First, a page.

This is one concept that won’t be overlooked amongst the 1,000 new cars and trucks on display at the 2012 Chicago Auto Show! Even if Chicago’s band Hairbanger's Ball isn’t rockin’ out as it takes its place onstage with smoke and flashing lights at the Kia booth during its world debut, the high-performance Track’ster is sure to be a stand-out during the 10 days that the show is open to the public. Based on Kia’s best-selling Soul, the 3-door, high-performance compact is endowed with a turbo-charged 250 hp., all-wheel drive powerplant and an eye-popping Whiteout and racing-inspired orange Inferno paint scheme.
“It’s built from the dreams of our California design studio,” said Tom Loveless, Kia’s vice president of sales, who boasted about this Korean car company’s success in the U.S. market. Kia posted its 17th straight month of sales gains and is now the fastest-growing brand and also was the 2011 Grand-Am champ. Loveless said Kia will continue to focus on racing, the fourth-largest sport in the U.S.
The low-slung, stretched-wheelbased Track’ster has been penned to conjure an image of a “wild boar wearing a backpack”. Up front Kia’s signature grille sits above an outsized air intake that is trimmed in carbon fiber and flanked by large LEDs. Swept-back integrated headlamps stretch toward to the sculpted front-wheel enclosures; the wheels are wrapped in 245/40-19-inch front rubber while the rear rides on 285/35-19 high performance tires that can be stopped by Brembo vented and cross-drilled brakes.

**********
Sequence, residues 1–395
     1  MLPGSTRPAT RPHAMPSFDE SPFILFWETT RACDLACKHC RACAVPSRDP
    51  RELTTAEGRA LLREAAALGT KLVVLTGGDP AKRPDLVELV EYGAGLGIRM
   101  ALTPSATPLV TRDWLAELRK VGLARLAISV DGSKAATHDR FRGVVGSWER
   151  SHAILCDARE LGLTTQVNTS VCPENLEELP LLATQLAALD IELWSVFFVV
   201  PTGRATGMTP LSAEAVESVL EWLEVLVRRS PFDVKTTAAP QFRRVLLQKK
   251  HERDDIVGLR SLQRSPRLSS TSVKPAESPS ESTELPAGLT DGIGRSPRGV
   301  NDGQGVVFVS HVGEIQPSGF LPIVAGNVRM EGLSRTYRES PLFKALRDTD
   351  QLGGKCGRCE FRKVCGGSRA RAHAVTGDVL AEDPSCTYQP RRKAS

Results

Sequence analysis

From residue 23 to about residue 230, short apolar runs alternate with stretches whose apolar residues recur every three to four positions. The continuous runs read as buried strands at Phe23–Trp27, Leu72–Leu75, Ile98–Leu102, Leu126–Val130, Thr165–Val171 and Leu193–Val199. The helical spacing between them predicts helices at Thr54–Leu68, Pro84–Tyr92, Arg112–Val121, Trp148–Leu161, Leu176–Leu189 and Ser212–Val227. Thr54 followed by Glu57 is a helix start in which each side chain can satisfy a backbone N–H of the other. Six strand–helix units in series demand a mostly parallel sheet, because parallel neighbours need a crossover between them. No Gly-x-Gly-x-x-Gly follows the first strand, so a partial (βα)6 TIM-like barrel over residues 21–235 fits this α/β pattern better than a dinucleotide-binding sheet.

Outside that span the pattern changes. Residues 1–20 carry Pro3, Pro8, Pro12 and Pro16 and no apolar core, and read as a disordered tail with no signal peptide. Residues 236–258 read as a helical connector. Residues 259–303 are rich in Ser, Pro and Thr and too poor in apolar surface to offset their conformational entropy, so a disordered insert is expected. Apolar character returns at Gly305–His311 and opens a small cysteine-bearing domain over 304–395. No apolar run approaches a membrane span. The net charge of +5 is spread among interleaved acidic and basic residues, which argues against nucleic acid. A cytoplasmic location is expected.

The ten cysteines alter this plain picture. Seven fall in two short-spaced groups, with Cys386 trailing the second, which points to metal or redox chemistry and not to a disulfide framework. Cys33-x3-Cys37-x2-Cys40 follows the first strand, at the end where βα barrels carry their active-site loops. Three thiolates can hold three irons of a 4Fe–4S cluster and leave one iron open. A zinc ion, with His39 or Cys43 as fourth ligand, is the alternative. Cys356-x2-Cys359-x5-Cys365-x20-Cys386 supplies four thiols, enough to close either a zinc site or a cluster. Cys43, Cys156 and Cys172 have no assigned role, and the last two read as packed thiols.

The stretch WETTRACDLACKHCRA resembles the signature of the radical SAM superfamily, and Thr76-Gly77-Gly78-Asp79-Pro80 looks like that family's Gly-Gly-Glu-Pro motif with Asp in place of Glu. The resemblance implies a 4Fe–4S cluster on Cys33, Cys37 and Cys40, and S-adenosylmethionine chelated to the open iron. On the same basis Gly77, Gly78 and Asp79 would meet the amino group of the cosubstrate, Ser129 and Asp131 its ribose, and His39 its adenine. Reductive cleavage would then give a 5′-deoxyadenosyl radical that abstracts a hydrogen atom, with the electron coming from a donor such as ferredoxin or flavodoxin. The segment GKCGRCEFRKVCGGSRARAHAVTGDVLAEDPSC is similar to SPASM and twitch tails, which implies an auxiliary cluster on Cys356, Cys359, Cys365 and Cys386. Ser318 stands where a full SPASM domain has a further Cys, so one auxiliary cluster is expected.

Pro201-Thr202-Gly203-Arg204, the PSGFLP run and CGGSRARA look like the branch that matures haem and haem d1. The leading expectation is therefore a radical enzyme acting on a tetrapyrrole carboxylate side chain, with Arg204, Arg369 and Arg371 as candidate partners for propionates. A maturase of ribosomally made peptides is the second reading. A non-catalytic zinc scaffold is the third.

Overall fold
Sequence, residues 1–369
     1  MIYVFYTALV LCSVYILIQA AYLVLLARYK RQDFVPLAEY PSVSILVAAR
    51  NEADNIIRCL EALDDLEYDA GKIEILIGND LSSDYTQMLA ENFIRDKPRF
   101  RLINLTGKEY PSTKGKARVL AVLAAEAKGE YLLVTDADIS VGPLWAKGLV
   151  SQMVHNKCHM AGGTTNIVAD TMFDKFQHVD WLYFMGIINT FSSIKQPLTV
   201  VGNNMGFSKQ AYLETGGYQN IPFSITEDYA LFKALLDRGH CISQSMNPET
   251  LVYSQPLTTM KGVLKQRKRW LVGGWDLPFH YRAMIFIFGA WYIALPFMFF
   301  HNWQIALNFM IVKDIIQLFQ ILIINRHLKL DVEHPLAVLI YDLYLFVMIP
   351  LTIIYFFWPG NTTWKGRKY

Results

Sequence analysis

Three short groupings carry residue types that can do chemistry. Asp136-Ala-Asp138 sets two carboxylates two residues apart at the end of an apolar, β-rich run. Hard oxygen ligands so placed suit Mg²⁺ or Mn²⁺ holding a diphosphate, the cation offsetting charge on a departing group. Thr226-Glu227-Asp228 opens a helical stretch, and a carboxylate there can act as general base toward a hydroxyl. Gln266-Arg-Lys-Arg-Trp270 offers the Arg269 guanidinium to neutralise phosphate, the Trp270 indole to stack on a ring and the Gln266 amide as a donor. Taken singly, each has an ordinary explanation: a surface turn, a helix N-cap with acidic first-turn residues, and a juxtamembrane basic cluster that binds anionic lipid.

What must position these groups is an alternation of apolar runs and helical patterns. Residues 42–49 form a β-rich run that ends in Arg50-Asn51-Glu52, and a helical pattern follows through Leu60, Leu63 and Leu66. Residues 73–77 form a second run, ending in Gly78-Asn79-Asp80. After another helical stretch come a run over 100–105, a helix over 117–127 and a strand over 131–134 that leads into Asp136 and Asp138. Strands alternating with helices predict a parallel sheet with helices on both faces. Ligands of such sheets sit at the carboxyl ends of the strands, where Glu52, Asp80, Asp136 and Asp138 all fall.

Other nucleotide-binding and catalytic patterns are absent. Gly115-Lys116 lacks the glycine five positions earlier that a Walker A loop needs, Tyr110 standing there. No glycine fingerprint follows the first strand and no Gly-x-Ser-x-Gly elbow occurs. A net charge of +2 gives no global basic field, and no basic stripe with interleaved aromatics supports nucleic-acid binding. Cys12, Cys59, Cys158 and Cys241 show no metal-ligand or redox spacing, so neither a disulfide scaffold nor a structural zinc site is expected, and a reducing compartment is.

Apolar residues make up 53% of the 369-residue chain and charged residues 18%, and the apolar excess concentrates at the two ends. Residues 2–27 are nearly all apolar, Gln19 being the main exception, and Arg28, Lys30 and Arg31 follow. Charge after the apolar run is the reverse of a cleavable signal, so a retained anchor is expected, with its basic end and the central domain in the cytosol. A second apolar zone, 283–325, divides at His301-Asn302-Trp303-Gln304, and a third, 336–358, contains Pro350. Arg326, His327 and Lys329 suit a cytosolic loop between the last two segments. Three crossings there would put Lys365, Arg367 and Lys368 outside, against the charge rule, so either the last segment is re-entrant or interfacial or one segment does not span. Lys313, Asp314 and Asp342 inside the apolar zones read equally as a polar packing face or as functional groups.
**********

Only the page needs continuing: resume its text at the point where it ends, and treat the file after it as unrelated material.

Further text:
Inside are Inferno Orange suede-covered racing seats, granite-gray leather and suede trim; an open back end is crafted with an equipment tray for tools, paneled bins to store racing gear, and spare tire well.
You may also be interested in...
Best of the 2012 Chicago Auto Show
2012 Chicago Auto Show Awards and Highlights
Autobytel Unveils New QR Code Window Stickers in the Windy City
Nissan’s New NV Gives Large Cargo Space within Small Footprint:
Mr. Sandman to Welcome the 2012 Kia Optima SX Limited to Chicago Show
The U.S. Army Brings Detroit Military Muscle and Efficiency to Chicago